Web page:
Video by Chesapeake Bay Program
In May 2013, CBF's 60-foot-long oyster restoration vessel, the Patricia Campbell, motored down Harris Creek, a tributary of the Choptank River on Maryland's Eastern Shore, as its crew worked a conveyor belt to plant two million juvenile oysters. Over the following years, this scenario repeated, with a total planting by CBF of more than 45 million oyster spat. In September 2015, the Chesapeake Bay Office of N.O.A.A. announced the completion of the construction phase of the Harris Creek oyster restoration project. CBF and partners had placed an estimated two billion oysters on 350 acres of Harris Creek bottom, making the creek host to one of the largest oyster restoration projects ever undertaken in the Chesapeake Bay.
A New Approach
The ultimate goal is a thriving network of reefs in Harris Creek where oysters achieve a critical mass and reproduce without help from man. The Harris Creek effort is part of a large and innovative oyster restoration project undertaken by a coalition of groups and agencies, which includes the Maryland Department of Natural Resources, the National Oceanic and Atmospheric Administration N.O.A.A., the Maryland Watermen's Association, the U.S. Army Corps of Engineers, the University of Maryland Center for Environmental Science, and the Oyster Recovery Partnership. The plan is to restore large oyster reefs in 10 tributaries of the Chesapeake through 2025, five in Maryland and five in Virginia. And that's great news for the health of the Chesapeake as each adult oyster can filter and clean up to 50 gallons of water per day—gobbling up algae, and removing dirt and nitrogen pollution.
Over the years, restoration efforts have succeeded in restoring hundreds of acres of individual oyster reefs throughout the Chesapeake Bay area. But bringing back the Bay's once vast network of filter feeders remains a daunting task. And so, a new strategy was started in Harris Creek. Instead of planting young oysters in scattered locations, the coalition focused on planting massive numbers of juveniles in one place so the reefs could repopulate and reinforce each other as they grow. The 350-acre site is protected by a new sanctuary, off limits to harvest, allowing the oysters to live longer and reproduce more. Oysters growing at such a high density as in Harris Creek (now reminiscent of what was seen 50 to 100 years ago) can produce up to 250 times more oyster larvae than oysters on a typical modern bar.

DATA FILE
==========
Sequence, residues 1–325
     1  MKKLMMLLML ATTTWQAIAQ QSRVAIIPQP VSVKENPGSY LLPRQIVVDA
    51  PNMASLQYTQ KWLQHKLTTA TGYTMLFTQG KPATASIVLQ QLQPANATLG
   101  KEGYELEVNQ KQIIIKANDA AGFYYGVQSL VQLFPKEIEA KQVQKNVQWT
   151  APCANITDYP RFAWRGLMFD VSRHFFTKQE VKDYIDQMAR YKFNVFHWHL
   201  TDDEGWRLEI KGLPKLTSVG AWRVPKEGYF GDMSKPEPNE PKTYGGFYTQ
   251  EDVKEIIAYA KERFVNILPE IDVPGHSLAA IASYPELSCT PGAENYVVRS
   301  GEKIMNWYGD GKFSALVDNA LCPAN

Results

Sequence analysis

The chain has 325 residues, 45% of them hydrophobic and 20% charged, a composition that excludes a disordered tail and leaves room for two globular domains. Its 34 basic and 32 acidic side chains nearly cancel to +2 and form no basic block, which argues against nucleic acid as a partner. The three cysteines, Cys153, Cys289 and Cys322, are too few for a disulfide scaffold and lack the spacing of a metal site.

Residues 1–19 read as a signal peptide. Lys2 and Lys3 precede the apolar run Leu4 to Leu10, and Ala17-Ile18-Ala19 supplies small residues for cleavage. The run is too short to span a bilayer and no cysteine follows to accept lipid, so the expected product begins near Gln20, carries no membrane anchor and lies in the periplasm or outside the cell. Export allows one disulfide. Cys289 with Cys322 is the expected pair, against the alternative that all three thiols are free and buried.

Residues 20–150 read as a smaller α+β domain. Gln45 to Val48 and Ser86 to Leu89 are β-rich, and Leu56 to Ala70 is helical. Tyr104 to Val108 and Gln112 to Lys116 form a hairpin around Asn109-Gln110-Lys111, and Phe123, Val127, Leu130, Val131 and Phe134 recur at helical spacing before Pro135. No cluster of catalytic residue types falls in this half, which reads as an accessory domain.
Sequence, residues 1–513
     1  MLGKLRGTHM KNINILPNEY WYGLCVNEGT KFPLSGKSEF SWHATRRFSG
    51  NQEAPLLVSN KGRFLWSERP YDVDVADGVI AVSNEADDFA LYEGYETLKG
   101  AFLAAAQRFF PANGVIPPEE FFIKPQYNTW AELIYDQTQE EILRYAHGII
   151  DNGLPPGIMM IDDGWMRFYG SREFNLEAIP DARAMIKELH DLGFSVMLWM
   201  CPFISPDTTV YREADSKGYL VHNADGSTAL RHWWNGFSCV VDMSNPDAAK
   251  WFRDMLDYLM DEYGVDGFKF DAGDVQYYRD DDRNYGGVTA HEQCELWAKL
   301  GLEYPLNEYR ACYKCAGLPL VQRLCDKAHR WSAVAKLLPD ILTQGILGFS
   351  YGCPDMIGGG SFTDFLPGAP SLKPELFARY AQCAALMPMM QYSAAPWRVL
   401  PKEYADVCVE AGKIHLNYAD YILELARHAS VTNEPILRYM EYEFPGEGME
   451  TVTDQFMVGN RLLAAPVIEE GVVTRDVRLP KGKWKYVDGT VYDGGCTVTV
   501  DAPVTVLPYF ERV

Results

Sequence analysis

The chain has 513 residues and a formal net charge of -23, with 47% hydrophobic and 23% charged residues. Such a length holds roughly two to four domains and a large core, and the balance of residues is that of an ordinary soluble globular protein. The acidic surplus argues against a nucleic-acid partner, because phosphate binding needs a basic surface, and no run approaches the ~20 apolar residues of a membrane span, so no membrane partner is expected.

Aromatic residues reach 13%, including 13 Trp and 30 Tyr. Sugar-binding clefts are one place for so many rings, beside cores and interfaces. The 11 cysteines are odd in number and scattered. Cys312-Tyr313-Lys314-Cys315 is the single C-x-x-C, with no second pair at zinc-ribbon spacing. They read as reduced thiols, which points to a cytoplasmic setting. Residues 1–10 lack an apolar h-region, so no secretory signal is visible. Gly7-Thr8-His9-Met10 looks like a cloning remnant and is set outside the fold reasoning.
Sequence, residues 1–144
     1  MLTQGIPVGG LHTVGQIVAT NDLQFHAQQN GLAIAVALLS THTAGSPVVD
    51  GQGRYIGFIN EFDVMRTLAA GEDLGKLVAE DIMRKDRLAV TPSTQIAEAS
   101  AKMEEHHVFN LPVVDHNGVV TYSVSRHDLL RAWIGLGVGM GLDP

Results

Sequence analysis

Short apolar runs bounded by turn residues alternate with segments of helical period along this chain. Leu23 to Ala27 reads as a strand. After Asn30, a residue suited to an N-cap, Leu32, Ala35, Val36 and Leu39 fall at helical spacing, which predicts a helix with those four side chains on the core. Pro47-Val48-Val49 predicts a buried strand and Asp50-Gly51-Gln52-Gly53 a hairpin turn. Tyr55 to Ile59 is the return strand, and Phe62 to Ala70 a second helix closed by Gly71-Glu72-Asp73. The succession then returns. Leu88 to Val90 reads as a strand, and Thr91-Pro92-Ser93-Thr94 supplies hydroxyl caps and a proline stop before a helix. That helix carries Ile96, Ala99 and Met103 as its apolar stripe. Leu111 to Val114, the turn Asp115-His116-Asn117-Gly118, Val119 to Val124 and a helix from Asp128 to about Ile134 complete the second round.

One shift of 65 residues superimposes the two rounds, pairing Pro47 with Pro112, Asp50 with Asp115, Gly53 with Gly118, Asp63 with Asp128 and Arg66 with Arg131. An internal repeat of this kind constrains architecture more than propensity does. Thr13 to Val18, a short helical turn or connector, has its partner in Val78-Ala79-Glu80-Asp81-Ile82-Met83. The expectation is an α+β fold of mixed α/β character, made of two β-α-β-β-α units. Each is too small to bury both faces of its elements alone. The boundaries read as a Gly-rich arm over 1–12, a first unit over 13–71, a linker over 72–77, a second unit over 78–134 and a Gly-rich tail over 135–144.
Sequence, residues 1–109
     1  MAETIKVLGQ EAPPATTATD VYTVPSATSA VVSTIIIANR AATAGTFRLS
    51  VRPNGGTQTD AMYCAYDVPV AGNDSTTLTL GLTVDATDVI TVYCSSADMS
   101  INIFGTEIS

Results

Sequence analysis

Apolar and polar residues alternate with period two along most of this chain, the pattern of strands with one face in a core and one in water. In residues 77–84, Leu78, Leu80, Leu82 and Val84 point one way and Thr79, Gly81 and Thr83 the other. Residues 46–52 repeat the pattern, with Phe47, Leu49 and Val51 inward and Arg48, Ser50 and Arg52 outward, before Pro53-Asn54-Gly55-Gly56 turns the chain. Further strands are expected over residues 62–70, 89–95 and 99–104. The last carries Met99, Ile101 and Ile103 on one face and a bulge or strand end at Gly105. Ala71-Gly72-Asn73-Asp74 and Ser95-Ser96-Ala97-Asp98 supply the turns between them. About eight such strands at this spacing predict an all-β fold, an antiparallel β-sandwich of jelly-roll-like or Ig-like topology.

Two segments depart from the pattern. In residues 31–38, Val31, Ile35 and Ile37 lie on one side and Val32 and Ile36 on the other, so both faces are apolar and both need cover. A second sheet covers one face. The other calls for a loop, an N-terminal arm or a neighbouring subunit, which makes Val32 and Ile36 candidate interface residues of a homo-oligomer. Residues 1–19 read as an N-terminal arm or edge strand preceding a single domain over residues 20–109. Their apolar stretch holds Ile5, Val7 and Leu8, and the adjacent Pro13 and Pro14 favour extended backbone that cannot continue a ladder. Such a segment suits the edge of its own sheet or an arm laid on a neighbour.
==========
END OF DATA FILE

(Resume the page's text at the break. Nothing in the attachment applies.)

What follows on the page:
Restoring a Self-Sufficient System
By 2021, we hope to declare Harris Creek as the first tributary in the Chesapeake Bay restored to self-sufficiency. By 2025, the 10 super reefs should serve as oyster spawning dynamos that create rich habitat for fish, and filter billions of gallons of water in each tributary. Since oyster larvae drift with the tides for weeks before settling down as spat, these reefs, while off-limits to harvesting, scientists believe they will likely serve as a reproductive engine, helping boost the population of oysters in nearby harvesting areas, as well.
To function properly, the reefs will need to grow vertically. Historic reefs in the Bay were more like jagged skyscrapers, but harvesting knocked them down. Right now, the Harris Creek bar is relatively flat. Watch this video and find out more about the effort to recreate the three-dimensional oyster reefs of the past and why they are called the "coral reefs of the Chesapeake Bay."
Harris Creek once boasted 1,500 acres of oyster reefs. By 2011, there were perhaps only a couple of acres left. Now, it once again holds promise for the Bay's oysters. As CBF's Maryland Eastern Shore Director Alan Girard told The Washington Post: "The Harris Creek sanctuary...[is] a significant step in Maryland's plan to restore what was once a vast underwater food factory and water filtering system. Everyone will benefit from that restoration."